Talking Points

SCOTUS and Sinema set back Biden again

Sen. Kyrsten Sinema (D-Ariz.) has cast another blow against President Biden's agenda. Her Wednesday reaffirmation that she opposes changing the Senate filibuster rules to jettison the 60-vote threshold for most legislation will doom Democrats' voting rights push unless Senate Majority Leader Chuck Schumer (D-N.Y.) can pull a rabbit out of his hat.

One reason for the party's shift to voting legislation after its failure to pass Biden's social welfare spending bill, the Build Back Better agenda, was that even if Democrats couldn't get anything done, at least they could blame Republicans. The message was all set for the midterms later this year: It's Republicans who refuse to support voting rights and constantly obstruct Biden. It's Republicans who necessitated these voting bills in the first place with former President Donald Trump's baseless claims of fraud in the 2020 election and restrictive election laws being passed in red states.

Now that message won't play. Instead the focus is once again on Democratic divisions. Biden cannot even deliver Sinema and her fellow centrist Sen. Joe Manchin (D-W.Va.) when it matters, so unanimous Republican opposition can't be blamed for the vaunted Washington dealmaker's inability to govern.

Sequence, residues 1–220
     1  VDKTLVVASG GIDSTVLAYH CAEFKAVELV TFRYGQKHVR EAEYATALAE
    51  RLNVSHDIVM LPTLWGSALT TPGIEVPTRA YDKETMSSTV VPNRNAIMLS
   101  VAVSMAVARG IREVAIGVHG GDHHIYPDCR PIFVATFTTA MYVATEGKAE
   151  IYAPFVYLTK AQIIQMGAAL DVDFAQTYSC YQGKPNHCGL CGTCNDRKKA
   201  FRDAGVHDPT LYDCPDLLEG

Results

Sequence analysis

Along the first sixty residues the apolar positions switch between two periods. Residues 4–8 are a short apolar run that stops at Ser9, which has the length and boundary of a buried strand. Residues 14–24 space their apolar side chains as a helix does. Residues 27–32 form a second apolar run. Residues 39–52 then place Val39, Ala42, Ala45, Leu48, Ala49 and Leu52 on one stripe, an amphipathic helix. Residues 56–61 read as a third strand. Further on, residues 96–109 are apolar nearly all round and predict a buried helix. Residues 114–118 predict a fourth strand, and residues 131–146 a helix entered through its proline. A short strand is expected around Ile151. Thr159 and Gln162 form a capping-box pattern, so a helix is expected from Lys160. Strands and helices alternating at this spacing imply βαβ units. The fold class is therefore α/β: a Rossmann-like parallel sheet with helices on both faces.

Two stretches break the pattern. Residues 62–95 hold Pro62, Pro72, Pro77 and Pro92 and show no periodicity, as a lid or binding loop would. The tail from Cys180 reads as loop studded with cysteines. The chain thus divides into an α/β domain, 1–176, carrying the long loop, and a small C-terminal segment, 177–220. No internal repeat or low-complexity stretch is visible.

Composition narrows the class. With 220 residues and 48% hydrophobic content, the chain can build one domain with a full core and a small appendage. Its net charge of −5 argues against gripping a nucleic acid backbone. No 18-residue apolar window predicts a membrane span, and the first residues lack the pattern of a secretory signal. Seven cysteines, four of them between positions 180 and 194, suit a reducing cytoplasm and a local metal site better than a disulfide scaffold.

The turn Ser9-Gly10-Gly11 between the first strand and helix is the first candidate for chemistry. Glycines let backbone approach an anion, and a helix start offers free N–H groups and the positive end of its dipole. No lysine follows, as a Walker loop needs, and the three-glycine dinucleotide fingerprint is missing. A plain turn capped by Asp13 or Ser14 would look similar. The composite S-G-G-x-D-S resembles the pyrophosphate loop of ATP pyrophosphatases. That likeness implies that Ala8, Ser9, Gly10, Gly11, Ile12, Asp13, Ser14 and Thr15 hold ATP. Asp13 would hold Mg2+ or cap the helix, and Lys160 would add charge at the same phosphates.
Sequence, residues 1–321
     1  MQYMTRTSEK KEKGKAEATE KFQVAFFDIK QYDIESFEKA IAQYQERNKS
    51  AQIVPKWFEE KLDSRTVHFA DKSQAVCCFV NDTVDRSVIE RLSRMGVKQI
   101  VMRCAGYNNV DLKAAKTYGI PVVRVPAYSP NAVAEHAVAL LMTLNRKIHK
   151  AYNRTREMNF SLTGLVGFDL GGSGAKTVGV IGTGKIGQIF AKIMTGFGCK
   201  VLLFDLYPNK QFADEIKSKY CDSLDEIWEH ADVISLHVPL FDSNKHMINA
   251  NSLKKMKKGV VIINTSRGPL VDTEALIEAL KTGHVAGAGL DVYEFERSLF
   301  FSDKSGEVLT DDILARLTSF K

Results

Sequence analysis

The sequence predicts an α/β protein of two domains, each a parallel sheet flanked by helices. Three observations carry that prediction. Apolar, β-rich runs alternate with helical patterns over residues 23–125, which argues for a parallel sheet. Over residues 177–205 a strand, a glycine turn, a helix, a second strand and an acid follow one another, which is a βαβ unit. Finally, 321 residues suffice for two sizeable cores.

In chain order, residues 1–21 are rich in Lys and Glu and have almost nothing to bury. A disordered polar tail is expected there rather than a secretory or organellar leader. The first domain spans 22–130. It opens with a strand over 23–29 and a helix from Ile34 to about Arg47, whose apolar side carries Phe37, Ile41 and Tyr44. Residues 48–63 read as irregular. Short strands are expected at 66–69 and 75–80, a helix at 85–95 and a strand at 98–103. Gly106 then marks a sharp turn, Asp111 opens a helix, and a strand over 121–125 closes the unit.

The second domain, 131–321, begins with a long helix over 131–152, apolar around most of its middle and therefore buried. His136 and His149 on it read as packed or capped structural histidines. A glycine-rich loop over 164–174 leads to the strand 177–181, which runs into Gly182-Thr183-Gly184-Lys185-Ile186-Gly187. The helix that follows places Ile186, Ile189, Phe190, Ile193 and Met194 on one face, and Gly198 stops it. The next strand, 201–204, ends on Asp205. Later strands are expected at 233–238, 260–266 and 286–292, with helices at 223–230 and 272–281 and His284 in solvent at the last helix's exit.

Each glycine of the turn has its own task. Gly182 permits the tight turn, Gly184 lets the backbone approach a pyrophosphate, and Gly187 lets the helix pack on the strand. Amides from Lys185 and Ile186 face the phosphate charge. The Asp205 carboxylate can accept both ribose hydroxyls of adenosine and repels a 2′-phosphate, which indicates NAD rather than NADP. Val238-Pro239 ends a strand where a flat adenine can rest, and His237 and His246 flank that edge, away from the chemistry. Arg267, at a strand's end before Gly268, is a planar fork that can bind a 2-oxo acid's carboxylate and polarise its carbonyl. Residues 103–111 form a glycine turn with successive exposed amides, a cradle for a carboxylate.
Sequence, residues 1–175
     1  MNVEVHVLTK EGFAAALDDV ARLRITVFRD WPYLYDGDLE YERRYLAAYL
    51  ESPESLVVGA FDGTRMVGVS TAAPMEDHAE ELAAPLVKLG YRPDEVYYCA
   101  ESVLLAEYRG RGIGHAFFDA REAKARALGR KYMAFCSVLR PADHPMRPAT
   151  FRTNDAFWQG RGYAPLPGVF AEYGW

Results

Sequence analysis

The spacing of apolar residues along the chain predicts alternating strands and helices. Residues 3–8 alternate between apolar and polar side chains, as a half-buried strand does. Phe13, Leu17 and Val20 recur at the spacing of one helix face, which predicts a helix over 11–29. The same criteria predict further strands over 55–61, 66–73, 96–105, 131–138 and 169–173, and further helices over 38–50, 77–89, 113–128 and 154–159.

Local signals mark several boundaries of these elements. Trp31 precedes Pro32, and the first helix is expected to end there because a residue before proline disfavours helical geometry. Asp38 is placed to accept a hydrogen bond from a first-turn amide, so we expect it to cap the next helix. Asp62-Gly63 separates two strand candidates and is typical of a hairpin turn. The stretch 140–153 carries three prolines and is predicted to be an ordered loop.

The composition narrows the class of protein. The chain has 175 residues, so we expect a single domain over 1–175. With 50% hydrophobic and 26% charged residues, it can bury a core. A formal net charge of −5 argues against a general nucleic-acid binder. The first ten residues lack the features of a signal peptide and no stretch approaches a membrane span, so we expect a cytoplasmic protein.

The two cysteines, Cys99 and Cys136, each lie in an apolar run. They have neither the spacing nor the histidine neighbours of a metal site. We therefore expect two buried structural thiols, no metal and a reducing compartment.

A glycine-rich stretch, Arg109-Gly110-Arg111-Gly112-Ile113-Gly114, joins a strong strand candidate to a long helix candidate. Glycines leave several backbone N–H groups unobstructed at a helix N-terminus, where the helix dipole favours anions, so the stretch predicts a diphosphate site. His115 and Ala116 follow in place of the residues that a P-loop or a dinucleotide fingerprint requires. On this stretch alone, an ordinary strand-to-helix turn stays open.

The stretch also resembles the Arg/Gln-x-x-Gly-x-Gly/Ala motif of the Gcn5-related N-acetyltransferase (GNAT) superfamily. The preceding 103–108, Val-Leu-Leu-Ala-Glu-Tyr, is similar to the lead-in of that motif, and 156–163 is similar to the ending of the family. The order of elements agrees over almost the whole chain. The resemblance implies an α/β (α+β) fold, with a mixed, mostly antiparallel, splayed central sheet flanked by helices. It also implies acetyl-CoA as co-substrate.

The same day Sinema delivered that disappointment, the Supreme Court rejected Biden's COVID vaccine or testing mandate for large private employers. Given previous judicial setbacks, even the pen and the phone won't save the rule, another loss for the president's agenda. And elections that could erase the razor-thin Democratic majorities are fast approaching. 

These setbacks all stem from the same fundamental error: Biden has tried to govern as if he had large congressional majorities, when in reality he's within a Manchin or Sinema of Republicans controlling the Senate. (The Democrats' House majority isn't much bigger, but it is easier for the speaker to rule that chamber with an iron fist.) 

The composition of Congress demands complete Democratic Party unity for Biden to get anything done, but Wednesday was a reminder Biden usually lacks even that. He may not wind up with much to show for his New Deal dreams, especially if 2022 continues as it has begun.